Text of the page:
"For decades those who have turned Kenya's elections into bloodbaths have gotten away with murder," said Daniel Bekele, from Human Rights Watch. "This ICC trial tackles an impunity crisis in the country, and offers a chance for justice denied to Kenyans by their own government."
But within Kenya, public support for the ICC is waning. In July, the polling group Ipsos-Synovate calculated that only 39 percent of Kenyans wanted trials to proceed. That figure had dropped from 55 percent in April 2012.
This is partly because Kenya is torn between the desire for justice and the need for peace. Ahead of the most recent presidential vote in March, the one-time enemies, Kenyatta and Ruto, unexpectedly formed the Jubilee Alliance coalition and won a first-round victory.
|President Uhuru Kenyatta, left, and his deputy William Ruto
Unlike the post-election mayhem of 2007-08, this year's presidential election was largely calm. As well as winning the vote, the union of Kenyatta and Ruto - and their Kikuyu and Kalenjin followers - is seen as a source of peace and reconciliation.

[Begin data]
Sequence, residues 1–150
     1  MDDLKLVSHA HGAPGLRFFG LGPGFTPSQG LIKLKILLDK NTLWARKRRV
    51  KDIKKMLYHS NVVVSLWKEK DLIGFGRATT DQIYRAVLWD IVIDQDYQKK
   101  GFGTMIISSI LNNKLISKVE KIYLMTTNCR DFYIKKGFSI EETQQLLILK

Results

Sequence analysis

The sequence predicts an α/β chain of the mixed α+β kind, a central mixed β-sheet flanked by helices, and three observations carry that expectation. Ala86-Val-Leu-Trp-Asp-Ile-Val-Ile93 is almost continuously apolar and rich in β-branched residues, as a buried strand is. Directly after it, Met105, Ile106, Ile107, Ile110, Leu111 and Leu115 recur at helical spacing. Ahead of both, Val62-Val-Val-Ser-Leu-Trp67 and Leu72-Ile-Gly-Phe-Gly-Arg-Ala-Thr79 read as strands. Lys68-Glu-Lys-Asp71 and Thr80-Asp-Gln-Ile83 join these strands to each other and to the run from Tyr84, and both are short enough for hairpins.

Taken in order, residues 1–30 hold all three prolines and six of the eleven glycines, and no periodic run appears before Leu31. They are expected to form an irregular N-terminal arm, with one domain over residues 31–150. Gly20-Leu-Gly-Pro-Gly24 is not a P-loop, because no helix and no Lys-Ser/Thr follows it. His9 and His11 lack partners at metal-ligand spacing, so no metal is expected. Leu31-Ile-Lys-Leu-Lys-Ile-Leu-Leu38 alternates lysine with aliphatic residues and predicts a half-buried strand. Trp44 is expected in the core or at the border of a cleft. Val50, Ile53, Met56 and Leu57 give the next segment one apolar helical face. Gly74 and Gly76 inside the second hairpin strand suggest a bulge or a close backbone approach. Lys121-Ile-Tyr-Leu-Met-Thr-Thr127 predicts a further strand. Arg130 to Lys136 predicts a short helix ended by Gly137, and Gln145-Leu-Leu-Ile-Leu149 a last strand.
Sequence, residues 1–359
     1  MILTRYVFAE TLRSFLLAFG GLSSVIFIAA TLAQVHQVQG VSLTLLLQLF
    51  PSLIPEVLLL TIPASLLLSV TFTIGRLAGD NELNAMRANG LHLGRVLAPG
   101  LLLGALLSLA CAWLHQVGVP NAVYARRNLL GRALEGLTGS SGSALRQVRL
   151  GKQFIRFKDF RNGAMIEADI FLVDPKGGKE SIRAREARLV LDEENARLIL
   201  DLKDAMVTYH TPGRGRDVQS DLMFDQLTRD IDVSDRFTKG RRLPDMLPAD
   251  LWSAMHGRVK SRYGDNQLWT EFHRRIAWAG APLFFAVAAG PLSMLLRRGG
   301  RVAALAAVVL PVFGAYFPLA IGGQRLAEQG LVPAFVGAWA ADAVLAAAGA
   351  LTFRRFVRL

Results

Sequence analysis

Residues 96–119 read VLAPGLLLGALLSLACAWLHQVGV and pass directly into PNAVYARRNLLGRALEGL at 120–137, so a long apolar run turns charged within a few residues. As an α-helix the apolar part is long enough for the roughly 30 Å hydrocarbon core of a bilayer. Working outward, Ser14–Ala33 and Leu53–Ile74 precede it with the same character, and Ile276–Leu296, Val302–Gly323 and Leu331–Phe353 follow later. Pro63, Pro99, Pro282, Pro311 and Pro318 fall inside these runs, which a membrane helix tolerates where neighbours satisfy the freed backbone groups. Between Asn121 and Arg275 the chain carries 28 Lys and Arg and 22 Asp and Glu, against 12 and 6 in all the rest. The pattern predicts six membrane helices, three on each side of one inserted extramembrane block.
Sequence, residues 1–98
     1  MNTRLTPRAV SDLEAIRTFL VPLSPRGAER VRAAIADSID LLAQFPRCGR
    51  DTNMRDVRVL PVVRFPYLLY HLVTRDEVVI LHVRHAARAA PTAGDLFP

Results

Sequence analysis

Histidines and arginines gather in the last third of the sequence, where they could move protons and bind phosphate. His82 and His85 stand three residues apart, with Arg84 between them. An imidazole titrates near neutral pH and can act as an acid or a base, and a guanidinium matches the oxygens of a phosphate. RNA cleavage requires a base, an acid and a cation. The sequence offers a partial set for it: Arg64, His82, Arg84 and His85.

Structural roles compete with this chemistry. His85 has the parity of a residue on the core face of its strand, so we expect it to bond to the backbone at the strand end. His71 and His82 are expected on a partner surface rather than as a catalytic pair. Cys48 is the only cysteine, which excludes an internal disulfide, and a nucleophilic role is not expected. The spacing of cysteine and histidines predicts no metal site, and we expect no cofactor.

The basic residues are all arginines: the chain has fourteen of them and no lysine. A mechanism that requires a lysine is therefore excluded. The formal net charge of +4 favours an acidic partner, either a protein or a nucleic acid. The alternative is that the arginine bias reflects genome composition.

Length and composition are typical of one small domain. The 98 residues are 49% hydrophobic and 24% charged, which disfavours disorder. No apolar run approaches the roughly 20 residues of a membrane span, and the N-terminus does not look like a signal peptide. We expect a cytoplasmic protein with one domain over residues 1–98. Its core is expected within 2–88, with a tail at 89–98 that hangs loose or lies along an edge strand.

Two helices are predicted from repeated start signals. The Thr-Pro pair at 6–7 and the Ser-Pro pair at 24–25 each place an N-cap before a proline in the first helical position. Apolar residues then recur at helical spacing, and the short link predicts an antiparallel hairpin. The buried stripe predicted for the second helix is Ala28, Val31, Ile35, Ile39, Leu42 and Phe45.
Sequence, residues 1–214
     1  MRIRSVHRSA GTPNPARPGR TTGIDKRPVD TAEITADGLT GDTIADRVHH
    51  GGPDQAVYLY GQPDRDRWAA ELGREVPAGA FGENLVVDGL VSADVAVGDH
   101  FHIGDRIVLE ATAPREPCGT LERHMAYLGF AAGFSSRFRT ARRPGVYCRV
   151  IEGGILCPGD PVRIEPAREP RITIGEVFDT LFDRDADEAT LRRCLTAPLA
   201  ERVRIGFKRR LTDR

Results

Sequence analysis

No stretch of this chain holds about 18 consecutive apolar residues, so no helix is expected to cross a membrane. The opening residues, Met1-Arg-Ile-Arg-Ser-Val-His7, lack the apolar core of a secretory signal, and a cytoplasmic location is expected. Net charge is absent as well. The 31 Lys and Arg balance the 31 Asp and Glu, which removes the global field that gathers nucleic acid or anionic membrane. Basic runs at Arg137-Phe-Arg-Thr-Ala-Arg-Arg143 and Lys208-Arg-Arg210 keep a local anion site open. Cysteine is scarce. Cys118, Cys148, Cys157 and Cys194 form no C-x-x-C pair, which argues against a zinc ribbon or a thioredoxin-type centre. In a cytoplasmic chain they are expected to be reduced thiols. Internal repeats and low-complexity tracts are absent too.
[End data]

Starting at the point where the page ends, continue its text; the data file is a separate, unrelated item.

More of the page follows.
"The political rhetoric is that the country is peaceful now because Kikuyus and Kalenjins work together in government," said Njonjo Mue, from the International Centre for Transitional Justice. "But the reality is different. Those who endured rape, death and destruction of property still wait for justice."
On the election trail, the candidates used the ICC as a campaign platform, warning voters of meddling prosecutors in the Netherlands, and whipping up nationalist sentiment in a country that was a British colony until 1963.